In 1995 just over £15 million was made available to the health boards to fund the subvention scheme. This sum was repeated in 1996. Earlier this year some health boards informed my Department that they were experiencing difficulties in meeting their obligations under the Act. Additional funding was allocated to these boards and the total funding available now stands at just under £17 million. It should be noted that since the introduction of the Act to date, over £48 million has been made available to the health boards to fund subventions. By 30 September 1996, 17,775 applications for nursing home subventions had been received and 9,515 had been approved. My Department continues to monitor the financing of the subvention scheme closely to ensure that the funding made available will support the level of subventions approved. As the Deputy may be aware, changes have been made to the subvention scheme under the Health (Nursing Homes) Act, 1990, by amending regulations which came into effect on 31 July 1996.

The first change increases the threshold above which the circumstances of a son or daughter are assessed by a health board to establish if he or she is in a position to contribute towards the cost of care in a nursing home of a parent who has qualified for a nursing home subvention. This amendment will have the effect of reducing the amount of time spent by health boards in assessing the circumstances of sons or daughters who are clearly not in a position to contribute towards the nursing home costs of a parent. Sons and daughters who are in a position to contribute towards the cost of a parent's nursing home fees should do so and the State recognises this contribution in the tax relief it gives on such payments.

The second change is to permit health boards to contract beds in nursing homes above the number contracted on 1 September 1993 and to pay more than the maximum rates of subvention payable in such cases. This amendment is to facilitate health boards which do not have sufficient accommodation in their hospitals and homes to meet the needs of those requiring nursing care and which have traditionally relied on the nursing home sector to meet their need.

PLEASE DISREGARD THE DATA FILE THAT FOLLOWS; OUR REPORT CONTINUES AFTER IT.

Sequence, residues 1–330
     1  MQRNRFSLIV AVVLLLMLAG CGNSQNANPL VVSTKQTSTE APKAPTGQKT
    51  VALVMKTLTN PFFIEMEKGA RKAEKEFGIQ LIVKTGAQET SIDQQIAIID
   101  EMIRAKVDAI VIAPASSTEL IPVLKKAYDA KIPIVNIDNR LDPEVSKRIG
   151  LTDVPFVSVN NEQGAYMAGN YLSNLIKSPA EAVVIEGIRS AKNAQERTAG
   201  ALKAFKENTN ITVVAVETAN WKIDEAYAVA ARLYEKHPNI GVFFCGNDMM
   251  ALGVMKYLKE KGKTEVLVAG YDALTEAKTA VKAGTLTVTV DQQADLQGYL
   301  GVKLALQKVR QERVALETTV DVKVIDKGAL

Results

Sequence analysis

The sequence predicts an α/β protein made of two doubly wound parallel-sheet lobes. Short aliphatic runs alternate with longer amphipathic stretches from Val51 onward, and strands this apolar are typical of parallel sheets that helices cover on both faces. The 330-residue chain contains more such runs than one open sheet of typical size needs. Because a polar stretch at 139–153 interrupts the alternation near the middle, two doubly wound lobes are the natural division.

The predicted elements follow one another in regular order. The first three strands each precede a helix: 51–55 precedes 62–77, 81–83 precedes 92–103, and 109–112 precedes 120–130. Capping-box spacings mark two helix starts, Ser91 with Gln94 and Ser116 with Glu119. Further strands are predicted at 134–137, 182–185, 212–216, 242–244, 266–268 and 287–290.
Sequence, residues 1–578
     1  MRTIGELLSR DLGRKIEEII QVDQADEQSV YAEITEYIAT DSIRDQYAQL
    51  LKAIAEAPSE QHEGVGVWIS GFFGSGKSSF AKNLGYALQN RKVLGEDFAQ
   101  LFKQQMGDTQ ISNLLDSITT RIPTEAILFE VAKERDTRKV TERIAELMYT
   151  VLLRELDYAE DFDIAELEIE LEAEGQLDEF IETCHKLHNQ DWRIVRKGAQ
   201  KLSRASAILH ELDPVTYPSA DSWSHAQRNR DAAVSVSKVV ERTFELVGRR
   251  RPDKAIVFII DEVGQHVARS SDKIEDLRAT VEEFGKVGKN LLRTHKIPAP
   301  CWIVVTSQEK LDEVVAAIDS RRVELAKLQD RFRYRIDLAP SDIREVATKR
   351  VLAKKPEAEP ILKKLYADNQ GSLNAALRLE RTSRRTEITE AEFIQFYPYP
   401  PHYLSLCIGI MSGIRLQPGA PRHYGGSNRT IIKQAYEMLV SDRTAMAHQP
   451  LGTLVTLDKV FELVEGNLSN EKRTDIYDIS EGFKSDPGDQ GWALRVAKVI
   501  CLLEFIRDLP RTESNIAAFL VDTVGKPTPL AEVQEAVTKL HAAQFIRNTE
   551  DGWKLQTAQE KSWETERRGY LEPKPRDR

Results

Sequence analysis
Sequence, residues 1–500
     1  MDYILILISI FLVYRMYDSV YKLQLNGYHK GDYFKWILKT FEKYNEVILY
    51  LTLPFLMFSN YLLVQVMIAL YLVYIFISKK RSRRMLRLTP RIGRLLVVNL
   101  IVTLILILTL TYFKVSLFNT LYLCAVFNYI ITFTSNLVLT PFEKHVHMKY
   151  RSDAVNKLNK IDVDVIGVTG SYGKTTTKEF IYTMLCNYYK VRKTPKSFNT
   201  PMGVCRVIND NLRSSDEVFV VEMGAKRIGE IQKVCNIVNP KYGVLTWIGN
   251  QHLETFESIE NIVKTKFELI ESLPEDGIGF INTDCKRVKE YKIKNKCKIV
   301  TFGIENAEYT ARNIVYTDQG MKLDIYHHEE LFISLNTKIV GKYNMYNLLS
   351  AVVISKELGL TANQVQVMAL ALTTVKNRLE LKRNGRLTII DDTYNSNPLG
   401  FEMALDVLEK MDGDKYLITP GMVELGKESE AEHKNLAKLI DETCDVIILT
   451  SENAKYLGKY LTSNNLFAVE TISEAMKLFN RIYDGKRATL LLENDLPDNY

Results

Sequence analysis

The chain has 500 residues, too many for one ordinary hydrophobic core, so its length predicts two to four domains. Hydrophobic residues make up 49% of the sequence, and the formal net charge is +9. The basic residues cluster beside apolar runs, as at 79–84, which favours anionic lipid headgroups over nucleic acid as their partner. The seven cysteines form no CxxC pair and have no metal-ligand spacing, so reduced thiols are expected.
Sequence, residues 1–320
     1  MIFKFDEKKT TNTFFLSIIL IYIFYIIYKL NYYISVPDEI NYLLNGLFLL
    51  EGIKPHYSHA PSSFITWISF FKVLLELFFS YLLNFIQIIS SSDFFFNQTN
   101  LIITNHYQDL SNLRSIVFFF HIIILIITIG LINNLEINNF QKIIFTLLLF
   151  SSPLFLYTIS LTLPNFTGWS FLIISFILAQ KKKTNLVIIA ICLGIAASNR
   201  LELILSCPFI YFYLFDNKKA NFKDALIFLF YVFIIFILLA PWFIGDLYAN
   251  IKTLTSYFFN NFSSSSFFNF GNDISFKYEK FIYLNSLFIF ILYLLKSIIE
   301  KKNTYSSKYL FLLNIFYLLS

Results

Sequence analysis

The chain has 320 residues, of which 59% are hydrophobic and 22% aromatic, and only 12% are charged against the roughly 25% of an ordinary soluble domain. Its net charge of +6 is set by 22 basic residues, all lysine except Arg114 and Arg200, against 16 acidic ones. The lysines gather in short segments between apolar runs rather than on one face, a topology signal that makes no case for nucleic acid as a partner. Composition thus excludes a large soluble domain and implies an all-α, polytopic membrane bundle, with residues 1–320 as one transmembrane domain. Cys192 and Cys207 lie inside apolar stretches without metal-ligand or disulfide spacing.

I am aware that differences of interpretation have arisen in relation to the obligation on health boards to disregard a sum equivalent to one-fifth of the old age pension in calculating the amount of subvention to be paid. My Department will shortly clarify the situation to ensure that each applicant retains such a sum for his or her personal use.

A nursing home subvention is not intended to cover the full cost of a nursing home fee but to provide assistance towards the cost of nursing home care for those who cannot do so from their own resources. I am aware that certain difficulties are being encountered by some providers and persons seeking nursing home care. I will continue to endeavour to address these problems, and the issue of increasing the subvention rates, within the resources available to me.

The provision of subvention under the Act must be consistent with the current health policy that the elderly should be maintained in dignity and independence in their homes. The scheme, therefore, must be based on medical advice about the most appropriate care setting in individual care cases. I assure the Deputy I will continue to honour the commitments set out in the health strategy, Shaping a Healthier Future, for the development of services for the elderly both in the community and residential care.

If the Deputy has particular cases in mind where he believes anomalies exist perhaps he would write to me to bring them to my attention and I will have them dealt with as favourably as possible.